We’ve been working with NHS England and the Royal College of Physicians on the outpatient strategy for a year now. This is the first of three blogs about what we’ve heard from patients about outpatients. For some background on this project, read our blog from earlier in the year.

We’ve run a patient panel, which has presented its feedback at outpatient summits, and run a survey on what patients want from a strategy. The themes that were discussed across the four summits were similar to what we found in our survey.

Coordination of care

In our survey, patients and carers reported having no opportunity to book an appointment at a time of their choice or choose the method of communication; some had to chase for an appointment.

Some people said they were pressured into taking appointments they didn’t want or that the coordination was disjointed and lacking in information. 

We asked respondents what the most important aspect of outpatients was for them; more than three quarters (77%) said the speed at which their appointment is arranged.

The importance of good administration was raised at the summits. Administrative staff are usually the first contact for patients. Their ability to communicate with patients empathetically and compassionately is central to good patient experiences.

Care coordinators and patient navigators should support patients access the right care pathway. Better coordination of appointment times, especially for people seeing several different specialities, and an improvement in timely appointments would also improve patients’ experiences.

Communication

Our survey found a minority received a text or email, while just under three-quarters (74%) were contacted by letter. Only a quarter (27%) of the survey respondents who had been asked what communication method they preferred were communicated with in the way they’d requested.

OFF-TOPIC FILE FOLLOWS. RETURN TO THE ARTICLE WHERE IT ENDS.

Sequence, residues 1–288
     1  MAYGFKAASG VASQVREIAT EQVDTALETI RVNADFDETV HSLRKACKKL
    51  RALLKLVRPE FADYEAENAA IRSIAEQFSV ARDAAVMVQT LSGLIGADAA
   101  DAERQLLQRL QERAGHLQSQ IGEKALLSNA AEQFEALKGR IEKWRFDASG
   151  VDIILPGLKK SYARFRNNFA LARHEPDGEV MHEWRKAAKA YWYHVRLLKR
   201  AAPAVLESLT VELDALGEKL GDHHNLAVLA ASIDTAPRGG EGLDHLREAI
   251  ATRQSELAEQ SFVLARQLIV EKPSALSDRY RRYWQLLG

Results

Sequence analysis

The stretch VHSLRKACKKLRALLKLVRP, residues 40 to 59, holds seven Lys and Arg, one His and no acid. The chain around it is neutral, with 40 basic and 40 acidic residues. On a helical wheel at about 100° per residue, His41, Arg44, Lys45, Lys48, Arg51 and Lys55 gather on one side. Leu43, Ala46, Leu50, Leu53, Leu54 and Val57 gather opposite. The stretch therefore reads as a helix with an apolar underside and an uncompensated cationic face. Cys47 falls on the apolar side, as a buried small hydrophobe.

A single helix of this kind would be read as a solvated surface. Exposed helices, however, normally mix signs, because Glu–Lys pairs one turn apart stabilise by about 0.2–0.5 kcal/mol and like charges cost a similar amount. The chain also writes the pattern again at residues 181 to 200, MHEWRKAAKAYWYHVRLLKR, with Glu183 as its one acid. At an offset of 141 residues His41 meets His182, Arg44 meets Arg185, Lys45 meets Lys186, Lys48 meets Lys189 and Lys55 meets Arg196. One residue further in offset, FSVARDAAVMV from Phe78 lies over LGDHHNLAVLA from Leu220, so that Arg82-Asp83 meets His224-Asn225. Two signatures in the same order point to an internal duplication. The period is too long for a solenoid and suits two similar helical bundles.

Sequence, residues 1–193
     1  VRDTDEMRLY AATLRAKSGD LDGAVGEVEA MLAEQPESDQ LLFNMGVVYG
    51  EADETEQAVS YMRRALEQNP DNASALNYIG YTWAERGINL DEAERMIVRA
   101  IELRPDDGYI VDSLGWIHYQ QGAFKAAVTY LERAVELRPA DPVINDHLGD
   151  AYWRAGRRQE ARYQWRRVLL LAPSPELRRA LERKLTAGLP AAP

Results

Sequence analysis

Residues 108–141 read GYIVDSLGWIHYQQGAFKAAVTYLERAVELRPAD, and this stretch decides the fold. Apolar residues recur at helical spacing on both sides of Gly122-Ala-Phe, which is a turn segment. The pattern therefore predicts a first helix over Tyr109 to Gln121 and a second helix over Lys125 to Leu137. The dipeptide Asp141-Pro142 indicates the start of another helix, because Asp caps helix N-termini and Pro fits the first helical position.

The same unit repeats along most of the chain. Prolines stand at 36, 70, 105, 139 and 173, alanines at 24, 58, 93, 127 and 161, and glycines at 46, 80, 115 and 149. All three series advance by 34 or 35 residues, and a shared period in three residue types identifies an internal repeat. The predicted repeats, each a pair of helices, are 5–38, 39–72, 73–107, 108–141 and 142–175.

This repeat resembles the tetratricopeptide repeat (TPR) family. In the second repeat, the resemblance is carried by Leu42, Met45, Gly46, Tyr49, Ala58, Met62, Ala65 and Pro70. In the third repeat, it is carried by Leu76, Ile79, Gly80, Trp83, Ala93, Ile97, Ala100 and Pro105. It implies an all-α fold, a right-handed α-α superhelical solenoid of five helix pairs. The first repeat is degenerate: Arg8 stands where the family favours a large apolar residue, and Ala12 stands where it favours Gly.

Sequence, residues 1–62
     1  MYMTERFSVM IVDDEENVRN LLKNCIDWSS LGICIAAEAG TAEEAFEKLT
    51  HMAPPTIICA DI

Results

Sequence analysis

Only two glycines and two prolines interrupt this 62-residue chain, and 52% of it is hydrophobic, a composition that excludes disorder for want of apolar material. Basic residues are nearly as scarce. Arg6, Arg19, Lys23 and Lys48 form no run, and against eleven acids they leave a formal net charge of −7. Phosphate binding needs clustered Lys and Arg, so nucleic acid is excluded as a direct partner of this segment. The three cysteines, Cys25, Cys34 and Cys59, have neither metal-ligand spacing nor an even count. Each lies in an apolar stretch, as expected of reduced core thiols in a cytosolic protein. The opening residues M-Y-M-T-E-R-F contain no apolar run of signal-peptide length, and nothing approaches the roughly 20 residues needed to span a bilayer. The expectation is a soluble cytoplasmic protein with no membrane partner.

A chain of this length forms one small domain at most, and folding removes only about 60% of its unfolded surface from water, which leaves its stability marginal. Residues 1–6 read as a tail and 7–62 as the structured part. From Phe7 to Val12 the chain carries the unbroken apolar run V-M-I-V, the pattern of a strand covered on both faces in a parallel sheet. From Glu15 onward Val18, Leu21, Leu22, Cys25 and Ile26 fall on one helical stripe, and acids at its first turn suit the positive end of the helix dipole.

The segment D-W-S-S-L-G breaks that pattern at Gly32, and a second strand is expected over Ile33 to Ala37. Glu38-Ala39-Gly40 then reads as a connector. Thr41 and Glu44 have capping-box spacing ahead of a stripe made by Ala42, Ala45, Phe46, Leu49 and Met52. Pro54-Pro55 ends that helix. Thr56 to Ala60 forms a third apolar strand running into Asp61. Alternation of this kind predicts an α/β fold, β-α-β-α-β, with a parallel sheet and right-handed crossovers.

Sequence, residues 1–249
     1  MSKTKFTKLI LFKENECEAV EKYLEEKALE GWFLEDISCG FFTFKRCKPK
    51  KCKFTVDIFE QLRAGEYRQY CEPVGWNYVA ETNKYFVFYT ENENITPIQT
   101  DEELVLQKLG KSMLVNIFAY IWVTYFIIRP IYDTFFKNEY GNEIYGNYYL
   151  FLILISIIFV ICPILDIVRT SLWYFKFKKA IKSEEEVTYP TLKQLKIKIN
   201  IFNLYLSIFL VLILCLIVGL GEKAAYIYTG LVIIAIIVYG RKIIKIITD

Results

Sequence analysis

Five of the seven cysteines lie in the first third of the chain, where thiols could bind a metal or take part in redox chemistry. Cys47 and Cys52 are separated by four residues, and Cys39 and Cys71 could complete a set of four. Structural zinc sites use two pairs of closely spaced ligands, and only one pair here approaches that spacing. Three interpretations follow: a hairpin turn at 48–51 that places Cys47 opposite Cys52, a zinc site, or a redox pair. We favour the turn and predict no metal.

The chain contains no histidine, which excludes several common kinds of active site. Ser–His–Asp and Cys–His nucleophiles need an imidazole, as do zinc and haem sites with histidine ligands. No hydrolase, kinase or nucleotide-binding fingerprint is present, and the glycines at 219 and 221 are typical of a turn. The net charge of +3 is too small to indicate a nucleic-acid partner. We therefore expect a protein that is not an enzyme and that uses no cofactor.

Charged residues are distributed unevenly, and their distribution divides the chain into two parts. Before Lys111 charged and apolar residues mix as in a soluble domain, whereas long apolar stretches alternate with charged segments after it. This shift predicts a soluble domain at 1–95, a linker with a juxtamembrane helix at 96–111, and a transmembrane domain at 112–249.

Most respondents hadn’t received any information before their appointment, causing confusion and stress; they resorted to searching online for information. Patients had inadequate information before, during and after the consultation or treatment. Patients want choice in how to communicate, including email rather than letters. 

The need for improved communication between healthcare professionals, and between healthcare professionals and patients, was cited in all summits; again, before, during and after the consultation.

Communication is key to reducing Missed Appointments (once called Did Not Attends) and facilitating better care across all parts of the system including social care, community care and public health services.

Digital health

Survey respondents wanted the potential for more remote appointments, which could reduce time and cost for patients and staff, while recognising not all patients wanted this. Only half of respondents (54%) who had a virtual appointment felt they had the right information beforehand to help make the most of it. This concerns us because lack of information means patients did not know what was to happen in their appointment. This is in line with themes around inadequate communication.

Throughout the summits, digital transformation and innovation were seen as needed for quality care, recognising the importance of flexibility to respond to patient preferences and needs. Without this, digital tools could act as a barrier to good quality care. Digital tools such as patient portals and patient-facing apps can support more seamless communications and better access to care. 

Summit participants suggested some patients would receive faster access to care through digital self-referral pathways. Digital tools could enable three-way communication between patients, referrers, and specialists. This would enable patients to have more autonomy around timing and need for care supported by better access to reliable information.

In the next blog, we will look at training, health inequalities, integrated care, and the workforce. 

The outpatients survey was conducted during the last three weeks of September 2023.

Summits were held on 25th May, 21st June, 6th July, and 14th September 2023.

Read the other blogs in this short series personalising care and offering patients choice and Kindness, reasonable adjustments and consistency needed across outpatients